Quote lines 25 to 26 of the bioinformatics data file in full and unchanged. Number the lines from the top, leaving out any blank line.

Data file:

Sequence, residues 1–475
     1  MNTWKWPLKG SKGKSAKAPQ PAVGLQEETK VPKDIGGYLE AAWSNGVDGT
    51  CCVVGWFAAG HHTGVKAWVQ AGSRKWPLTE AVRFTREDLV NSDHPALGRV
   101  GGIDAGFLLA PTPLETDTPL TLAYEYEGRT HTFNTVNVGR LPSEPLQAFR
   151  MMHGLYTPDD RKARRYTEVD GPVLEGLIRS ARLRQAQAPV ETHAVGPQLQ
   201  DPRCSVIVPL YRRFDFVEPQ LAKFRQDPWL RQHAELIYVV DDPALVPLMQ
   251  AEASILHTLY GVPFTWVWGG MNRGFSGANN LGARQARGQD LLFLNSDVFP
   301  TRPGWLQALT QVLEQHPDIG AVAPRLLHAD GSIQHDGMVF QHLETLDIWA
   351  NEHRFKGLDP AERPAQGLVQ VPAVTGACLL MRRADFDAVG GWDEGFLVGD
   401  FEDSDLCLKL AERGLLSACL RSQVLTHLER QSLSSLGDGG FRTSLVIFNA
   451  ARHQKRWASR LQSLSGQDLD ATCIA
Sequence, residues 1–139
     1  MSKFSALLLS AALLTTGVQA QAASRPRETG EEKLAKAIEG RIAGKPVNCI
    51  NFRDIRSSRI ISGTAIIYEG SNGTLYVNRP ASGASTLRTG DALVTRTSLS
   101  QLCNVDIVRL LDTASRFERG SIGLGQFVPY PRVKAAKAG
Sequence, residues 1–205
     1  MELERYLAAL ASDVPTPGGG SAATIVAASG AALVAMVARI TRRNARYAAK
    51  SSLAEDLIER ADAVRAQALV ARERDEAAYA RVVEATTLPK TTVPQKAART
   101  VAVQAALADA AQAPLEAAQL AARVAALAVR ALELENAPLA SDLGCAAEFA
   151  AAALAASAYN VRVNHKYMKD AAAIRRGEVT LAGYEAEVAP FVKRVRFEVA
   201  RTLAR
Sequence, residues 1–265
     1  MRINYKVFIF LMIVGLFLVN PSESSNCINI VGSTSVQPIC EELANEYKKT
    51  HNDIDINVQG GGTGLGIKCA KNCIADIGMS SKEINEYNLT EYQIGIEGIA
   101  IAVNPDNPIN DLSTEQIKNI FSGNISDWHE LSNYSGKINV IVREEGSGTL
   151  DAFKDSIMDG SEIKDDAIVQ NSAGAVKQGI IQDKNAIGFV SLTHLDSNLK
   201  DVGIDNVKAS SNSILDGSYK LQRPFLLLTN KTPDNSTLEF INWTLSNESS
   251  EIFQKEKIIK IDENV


   101  IAVNPDNPIN DLSTEQIKNI FSGNISDWHE LSNYSGKINV IVREEGSGTL
   151  DAFKDSIMDG SEIKDDAIVQ NSAGAVKQGI IQDKNAIGFV SLTHLDSNLK